(PRWEB) December 22, 2005
In the wake of the recently proclaimed announcements of the "biggest changes to family law in 30 years," it may be somewhat premature to claim 'victory' for children and their fathers just yet.
Notwithstanding the spin of official media releases, the 2005 child custody amendments do nothing more than recycle the ignored 1995 changes.
'The Family Court got it wrong!' was the plain message by Minister Peter Duncan, as he moved the Keating government's 1995 amendments. In response to the Family Court's refusal to comply with the intent of the original legislation, Minister Duncan stated that:
"The original intention of the late Senator Murphy was that the Family Law Act would create a rebuttable presumption of shared parenting, but over the years the Family Court has chosen to ignore that. It is hoped that these reforms will now call for much closer attention to this presumption and that the Family Court will give full and proper effect to the intention of Parliament."
(Duncan P. Consideration of Senate Message, House of Reps Hansard 21 November, 1995, pp 3303)
Strikingly, despite this further re-inforced legislative directive from the Labor Party, the Family Court continued to snub its nose at the intention of this legislation, and joint custody orders in fact fell further from an already paltry 5%, to a further low of just 2.5%.
In his telling "Kangaroo Court" critique, the well respected academic and social commentator, Mr. John Hirst, underscored the inability of Australian governments to fully grasp the extent of resistance to equal parenting initiatives from a Family Court with remarkably entrenched views. Of the recently proposed Family Law changes, Mr. John Hirst stated that:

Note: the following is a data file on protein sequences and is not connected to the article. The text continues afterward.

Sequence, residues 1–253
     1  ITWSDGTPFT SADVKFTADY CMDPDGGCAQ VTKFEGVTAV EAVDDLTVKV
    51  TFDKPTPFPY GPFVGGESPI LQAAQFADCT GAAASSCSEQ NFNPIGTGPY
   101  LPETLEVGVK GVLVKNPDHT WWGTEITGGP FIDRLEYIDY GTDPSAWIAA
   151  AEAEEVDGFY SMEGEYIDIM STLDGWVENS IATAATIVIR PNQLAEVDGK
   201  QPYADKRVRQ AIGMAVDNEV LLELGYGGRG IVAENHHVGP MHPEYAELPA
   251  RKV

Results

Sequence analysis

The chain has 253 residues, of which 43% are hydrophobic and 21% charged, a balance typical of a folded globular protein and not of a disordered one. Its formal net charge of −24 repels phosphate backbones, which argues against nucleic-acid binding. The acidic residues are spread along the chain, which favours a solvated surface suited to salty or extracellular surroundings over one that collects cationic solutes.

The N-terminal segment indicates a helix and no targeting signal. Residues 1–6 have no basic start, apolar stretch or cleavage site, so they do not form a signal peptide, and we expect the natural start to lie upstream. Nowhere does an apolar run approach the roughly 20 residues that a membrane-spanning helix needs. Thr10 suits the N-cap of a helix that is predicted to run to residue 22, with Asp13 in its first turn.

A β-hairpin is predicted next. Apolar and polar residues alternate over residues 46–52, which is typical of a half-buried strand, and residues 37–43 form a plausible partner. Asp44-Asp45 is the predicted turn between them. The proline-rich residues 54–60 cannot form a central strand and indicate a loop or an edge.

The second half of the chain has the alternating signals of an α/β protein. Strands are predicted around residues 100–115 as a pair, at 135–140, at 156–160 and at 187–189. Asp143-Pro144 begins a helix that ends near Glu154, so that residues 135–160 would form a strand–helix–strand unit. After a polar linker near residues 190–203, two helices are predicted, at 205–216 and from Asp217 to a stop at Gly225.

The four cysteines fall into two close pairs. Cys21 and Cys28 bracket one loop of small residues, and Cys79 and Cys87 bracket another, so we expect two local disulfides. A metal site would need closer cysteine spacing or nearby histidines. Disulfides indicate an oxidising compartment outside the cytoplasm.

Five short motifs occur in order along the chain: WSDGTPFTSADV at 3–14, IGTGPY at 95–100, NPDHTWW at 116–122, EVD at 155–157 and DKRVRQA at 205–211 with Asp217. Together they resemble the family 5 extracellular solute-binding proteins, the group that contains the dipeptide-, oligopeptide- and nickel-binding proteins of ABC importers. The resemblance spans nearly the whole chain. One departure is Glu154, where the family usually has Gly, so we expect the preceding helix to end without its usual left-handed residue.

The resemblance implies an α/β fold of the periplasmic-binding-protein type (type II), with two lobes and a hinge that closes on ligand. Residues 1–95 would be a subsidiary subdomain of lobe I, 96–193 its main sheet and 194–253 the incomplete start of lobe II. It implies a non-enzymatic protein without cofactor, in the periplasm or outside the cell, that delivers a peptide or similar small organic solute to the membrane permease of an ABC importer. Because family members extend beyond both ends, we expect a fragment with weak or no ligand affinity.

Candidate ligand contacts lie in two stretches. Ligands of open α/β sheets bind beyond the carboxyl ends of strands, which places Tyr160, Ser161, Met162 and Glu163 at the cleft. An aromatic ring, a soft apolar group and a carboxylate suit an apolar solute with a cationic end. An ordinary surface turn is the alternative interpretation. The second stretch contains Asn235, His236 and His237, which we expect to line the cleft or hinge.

"Late in 2003, the standing committee reported its findings. It is not clear why it baulked at recommending that joint custody be made law. The committee itself seemed committed to the change; the bulk of the evidence it heard was in favour; the Prime Minister had given them the cue. Although not prepared to recommend it as law, it remained sympathetic to joint custody and in appropriate cases it urged that it be encouraged. Judges in Australia were to consider equal time!"
"The Court had made it abundantly clear to the committee that it was opposed to anything like equal time."
The same obstacles to anything resembling equal parenting time will be faced by this new legislation. It is a pointless exercise to ask the Family Court to 'consider' equal parenting time, when the whole culture of the Court is directed against such outcomes
Importantly, the studies that have sought the views of children document that equal time with their parents is what most children want. Everything known about the children of divorce and their needs tells us that it is in their best interests to maximize the involvement of both parents for the benefit of the child. Where both parents seek to continue their role as parents, the court should reduce neither parent to a mere visitor, unless the other parent comes forward with a compelling reason to do so.
If the Howard government genuinely favours equal parenting time as a preferred family law approach, then it must direct the Family Court with CONCRETE legislation that requires a rebuttable presumption of equal parenting time as a starting point.
History suggests that anything less will simply be conveniently interpreted by a resistant Family Court as permission to continue the failed status quo.
Jointly authorized and released by:
Joint Parenting Association
West Lakes, South Australia 5021
PO Box 57,
THIRROUL, NSW, 2515